I'm a big fan of looking like a jack-ass in public, and given the choice, when on stage I will choose funny over attractive every time (much to the horror of the guy who is legally obligated to have sex with me). I look at "Sexy" and "Funny" as two intersections along a one-way street; if you start at the corner of "Funny" you can make it to "Sexy"... but you can't start at "Sexy" and end up at "Funny". It just doesn't work going in that direction, and if you try too hard to make it work you will eventually be put in jail. (Unless your name is Sofia Vergara. She blatantly defies my sexy/funny rule.)

What do you miss about L.A.?
The driving.

What, if anything, do you prefer about Chicago?
The winters.

What's the hardest thing to mime?
When working as a shopping mall mime I found it very hard to create the illusion of feeling good about myself. But I can mime fellatio like nobody's business (hint: it's all about the nads).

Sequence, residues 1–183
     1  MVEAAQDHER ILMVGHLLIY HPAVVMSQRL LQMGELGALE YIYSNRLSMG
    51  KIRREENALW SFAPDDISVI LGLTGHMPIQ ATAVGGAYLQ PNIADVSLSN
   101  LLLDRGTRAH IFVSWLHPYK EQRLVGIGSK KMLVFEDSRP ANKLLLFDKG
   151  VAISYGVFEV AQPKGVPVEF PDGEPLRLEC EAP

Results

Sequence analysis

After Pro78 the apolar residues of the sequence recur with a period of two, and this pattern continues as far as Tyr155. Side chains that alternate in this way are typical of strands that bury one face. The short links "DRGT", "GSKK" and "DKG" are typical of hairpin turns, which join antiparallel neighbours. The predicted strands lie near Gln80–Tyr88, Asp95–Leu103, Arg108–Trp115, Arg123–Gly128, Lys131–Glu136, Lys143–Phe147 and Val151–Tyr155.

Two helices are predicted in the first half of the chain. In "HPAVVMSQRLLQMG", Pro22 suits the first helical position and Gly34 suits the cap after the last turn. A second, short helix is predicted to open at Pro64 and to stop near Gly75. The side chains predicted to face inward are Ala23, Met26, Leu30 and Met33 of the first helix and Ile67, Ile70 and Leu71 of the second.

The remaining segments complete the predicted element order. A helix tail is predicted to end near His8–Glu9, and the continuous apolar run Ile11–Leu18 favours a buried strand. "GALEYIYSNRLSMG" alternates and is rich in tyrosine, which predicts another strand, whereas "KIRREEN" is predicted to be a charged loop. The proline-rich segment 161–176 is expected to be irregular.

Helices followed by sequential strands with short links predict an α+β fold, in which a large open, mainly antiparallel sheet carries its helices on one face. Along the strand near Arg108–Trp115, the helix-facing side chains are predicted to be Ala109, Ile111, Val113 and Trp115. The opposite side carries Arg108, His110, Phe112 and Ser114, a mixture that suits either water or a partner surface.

What's My Bodies, Myself about? My mobile device is embarrassingly archaic.
When I was a kid I believed that dead bodies were everywhere, just waiting to be found. And then one day I found one. (PS: It was one of the greatest days of my life and has led to my firm belief that I know everything and am never to be questioned, ever.)

How does it feel to be the 265th person interviewed for
Like being dipped in honey and then covered in fire ants. In other words, a total delight.